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Power Battle over Mugabe's Body Underscores Struggles for Family 


Former first lady of Zimbabwe, Grace Mugabe pays her last respects during a state funeral of her husband and Zimbabwe's longtime ruler Robert Mugabe, at the national sports stadium in Harare, Sept. 14, 2019.

Weeping, she followed his casket, her footsteps heavy, her body draped in black lace.

In public, Grace Mugabe has been the picture of the dignified, dutiful widow since her husband, former Zimbabwean president Robert Mugabe, died earlier this month at the age of 95.

But behind the scenes lies a tale of personalities, power and politics, as salacious details leak out while the government and the Mugabe family negotiate with increasing bitterness about the fate of the leader’s body. It has become a battle of power going well beyond Grace Mugabe and her family to reach the highest levels of Zimbabwe’s complicated struggle for power.

Derek Matyszak, a Harare-based governance consultant, saic the fulcrum was in 2017, as speculation grew that the ailing leader wanted to install his much younger wife in his place. Amid this tension, Mugabe — allegedly under pressure from Grace — fired his deputy, Emmerson Mnangagwa. Three weeks later, Mnangagwa used the military to pressure Mugabe to resign.

Throughout, Matyszak said, it was critical for Mnangagwa to paint the power transition as a peaceful, voluntary one. Mugabe himself disputed that, calling it an “outright coup” — words that have hurt Mnangagwa’s legitimacy.

But now that Mugabe is dead, Matyszak said, the gloves are off between him and Grace Mugabe.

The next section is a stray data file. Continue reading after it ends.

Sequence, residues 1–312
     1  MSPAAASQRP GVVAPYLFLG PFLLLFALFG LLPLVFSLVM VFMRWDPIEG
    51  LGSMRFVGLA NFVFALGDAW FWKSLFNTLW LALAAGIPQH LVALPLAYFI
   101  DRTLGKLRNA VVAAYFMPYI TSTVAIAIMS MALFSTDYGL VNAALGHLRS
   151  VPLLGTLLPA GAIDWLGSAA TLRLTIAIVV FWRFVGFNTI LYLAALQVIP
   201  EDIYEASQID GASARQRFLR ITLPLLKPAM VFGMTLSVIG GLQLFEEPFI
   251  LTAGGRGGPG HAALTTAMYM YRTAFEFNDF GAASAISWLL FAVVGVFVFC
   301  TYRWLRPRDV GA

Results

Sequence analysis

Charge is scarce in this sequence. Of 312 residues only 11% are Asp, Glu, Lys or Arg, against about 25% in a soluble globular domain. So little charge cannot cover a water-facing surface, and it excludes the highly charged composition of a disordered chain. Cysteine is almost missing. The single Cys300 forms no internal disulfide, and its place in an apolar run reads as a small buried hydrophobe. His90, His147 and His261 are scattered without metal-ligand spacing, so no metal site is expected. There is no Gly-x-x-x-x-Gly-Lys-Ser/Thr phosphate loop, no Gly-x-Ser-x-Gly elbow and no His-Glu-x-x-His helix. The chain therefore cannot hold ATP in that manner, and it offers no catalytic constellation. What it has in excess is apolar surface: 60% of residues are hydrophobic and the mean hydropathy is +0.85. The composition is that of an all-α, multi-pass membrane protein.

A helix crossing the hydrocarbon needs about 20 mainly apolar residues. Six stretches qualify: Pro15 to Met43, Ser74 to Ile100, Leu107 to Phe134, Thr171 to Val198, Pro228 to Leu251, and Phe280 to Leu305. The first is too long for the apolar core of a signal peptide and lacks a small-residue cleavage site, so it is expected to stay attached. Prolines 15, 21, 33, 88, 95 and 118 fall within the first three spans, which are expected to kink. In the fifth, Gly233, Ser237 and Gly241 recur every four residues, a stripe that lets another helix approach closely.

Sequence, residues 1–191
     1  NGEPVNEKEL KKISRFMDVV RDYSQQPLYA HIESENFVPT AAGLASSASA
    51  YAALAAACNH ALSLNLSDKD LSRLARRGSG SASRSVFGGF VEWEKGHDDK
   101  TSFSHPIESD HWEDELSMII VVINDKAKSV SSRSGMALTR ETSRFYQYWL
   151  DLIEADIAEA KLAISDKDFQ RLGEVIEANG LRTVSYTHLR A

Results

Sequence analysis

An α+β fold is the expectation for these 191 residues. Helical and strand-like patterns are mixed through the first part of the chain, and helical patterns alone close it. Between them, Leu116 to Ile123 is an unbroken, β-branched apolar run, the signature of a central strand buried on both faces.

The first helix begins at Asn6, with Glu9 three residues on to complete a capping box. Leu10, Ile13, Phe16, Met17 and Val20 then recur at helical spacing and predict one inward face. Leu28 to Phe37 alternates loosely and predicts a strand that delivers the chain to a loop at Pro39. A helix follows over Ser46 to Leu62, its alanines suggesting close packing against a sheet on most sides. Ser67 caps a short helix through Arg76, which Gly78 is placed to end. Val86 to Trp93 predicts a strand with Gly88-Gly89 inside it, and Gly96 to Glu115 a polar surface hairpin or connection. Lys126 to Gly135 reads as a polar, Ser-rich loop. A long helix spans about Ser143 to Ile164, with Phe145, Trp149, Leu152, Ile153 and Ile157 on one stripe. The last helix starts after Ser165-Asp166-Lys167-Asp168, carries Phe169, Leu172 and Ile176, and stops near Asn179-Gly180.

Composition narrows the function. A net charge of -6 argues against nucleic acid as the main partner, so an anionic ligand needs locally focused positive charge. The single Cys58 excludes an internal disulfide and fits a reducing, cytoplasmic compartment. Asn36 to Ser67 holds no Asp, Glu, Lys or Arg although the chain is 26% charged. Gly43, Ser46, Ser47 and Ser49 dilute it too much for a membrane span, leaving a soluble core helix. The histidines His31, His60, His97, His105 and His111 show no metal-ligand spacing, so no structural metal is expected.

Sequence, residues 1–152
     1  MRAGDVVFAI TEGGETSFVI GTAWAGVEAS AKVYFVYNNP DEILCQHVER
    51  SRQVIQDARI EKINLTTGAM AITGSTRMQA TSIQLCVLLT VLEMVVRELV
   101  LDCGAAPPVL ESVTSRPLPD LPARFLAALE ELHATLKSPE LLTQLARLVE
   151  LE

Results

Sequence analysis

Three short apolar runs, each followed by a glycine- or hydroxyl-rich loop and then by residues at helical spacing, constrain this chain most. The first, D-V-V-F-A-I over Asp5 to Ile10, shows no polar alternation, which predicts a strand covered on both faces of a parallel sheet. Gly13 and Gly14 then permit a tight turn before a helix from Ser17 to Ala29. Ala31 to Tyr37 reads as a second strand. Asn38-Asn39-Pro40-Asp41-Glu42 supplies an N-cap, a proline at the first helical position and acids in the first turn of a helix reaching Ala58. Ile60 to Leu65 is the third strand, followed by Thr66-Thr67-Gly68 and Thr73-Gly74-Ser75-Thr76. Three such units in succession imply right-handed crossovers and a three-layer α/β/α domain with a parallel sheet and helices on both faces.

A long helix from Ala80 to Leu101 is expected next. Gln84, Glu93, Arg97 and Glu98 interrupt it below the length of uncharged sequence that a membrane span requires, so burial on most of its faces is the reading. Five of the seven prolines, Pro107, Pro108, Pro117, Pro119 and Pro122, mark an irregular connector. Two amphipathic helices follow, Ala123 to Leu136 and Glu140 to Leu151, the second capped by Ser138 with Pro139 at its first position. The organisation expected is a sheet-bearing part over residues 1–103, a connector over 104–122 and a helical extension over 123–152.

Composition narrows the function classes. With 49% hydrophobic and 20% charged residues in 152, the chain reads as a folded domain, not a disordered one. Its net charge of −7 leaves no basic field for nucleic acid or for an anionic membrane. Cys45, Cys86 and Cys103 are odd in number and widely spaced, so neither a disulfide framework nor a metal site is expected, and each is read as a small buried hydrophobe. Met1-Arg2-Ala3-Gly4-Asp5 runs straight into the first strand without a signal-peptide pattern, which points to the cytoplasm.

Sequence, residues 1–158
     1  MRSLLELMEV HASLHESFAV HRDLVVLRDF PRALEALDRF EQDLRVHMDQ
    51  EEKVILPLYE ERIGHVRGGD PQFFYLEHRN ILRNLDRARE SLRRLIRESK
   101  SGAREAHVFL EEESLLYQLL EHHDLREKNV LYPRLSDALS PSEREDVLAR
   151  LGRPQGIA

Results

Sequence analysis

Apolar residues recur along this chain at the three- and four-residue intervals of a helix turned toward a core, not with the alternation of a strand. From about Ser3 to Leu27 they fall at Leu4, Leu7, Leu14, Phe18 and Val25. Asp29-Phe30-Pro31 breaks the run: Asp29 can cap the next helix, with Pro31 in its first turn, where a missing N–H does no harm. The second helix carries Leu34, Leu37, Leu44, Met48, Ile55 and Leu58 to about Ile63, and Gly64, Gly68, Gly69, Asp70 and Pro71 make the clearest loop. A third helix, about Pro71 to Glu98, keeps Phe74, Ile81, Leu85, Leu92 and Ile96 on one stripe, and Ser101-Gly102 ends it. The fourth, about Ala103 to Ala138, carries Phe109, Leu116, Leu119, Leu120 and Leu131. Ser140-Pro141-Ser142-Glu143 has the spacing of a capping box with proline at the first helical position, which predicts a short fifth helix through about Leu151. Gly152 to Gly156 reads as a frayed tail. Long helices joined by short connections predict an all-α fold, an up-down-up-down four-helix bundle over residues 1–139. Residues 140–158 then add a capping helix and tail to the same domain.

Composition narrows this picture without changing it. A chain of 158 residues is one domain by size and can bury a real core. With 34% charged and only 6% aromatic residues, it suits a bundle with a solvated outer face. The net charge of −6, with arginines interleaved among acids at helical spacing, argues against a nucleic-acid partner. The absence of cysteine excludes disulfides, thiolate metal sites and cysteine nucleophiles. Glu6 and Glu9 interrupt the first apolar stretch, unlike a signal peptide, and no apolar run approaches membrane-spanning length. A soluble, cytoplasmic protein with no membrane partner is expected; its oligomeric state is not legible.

“She's in a very weakened position from how she was before Mugabe's death," Matyszak told VOA. "It was very expedient for Mnangagwa to continue to extol Mugabe as a liberation icon. ...So, Mnangagwa has been at pains to say that all is well between him and Mugabe, and to try and present that face to the world and to the regional leaders. The problem has always been, of course, Grace Mugabe, because many people believe that it was because of Grace Mugabe that Mnangagwa was fired from office by Robert Mugabe. ... But out of deference to Mugabe and because of that expediency, Grace was largely left alone.”

Former president Robert Mugabe's two sons Chatunga Mugabe, center, and Robert Mugabe Junior, right, accompany his casket in an air force helicopter for transport to a stadium where it will lie in state, in Harare, Zimbabwe, Sept. 13, 2019.

Although most of these conversations have occurred behind closed doors, tantalizing details have leaked out as funeral plans have changed multiple times and the family appears to be resisting the government’s wishes to bury Mugabe in the national Heroes’ Acre cemetery.

The state-run Herald newspaper this week reported that the ruling party owns Mugabe’s Harare mansion, a revelation widely seen as an attempt by the ruling party to exert leverage on the family. The same day, the family without explanation called off plans to send the body to Mugabe’s rural village. The family most recently said the burial would take place in 30 days — a move that could be seen as buying time.

Grace Mugabe has few places to go. She faces arrest in South Africa for allegedly assaulting a South African model with an electrical extension cord in 2017. And she’s under sanctions and travel bans from the European Union and the United States.

Family member Leo Mugabe said her future is straightforward. He spoke to VOA on the sidelines of Mugabe’s public viewing in Harare. VOA asked the family for an interview with Grace Mugabe, but they did not respond to the request.

“She’s a Zimbabwean. She has no reason to go anywhere," he told VOA. "She will be at her house, and I’m sure she will start to do her normal work that she has always been doing before: her farm, and her business.”

She also faces legal problems at home, and Zimbabwe’s notoriously politicized judiciary means those problems may resurface, said Matyszak.

“There are charges relating to ivory smuggling which are out there," he said. "And these things suddenly gain a new lease of life any time the Mugabes venture into politics. She certainly needs to to keep a low profile, and I think she might find things a little bit uncomfortable.”

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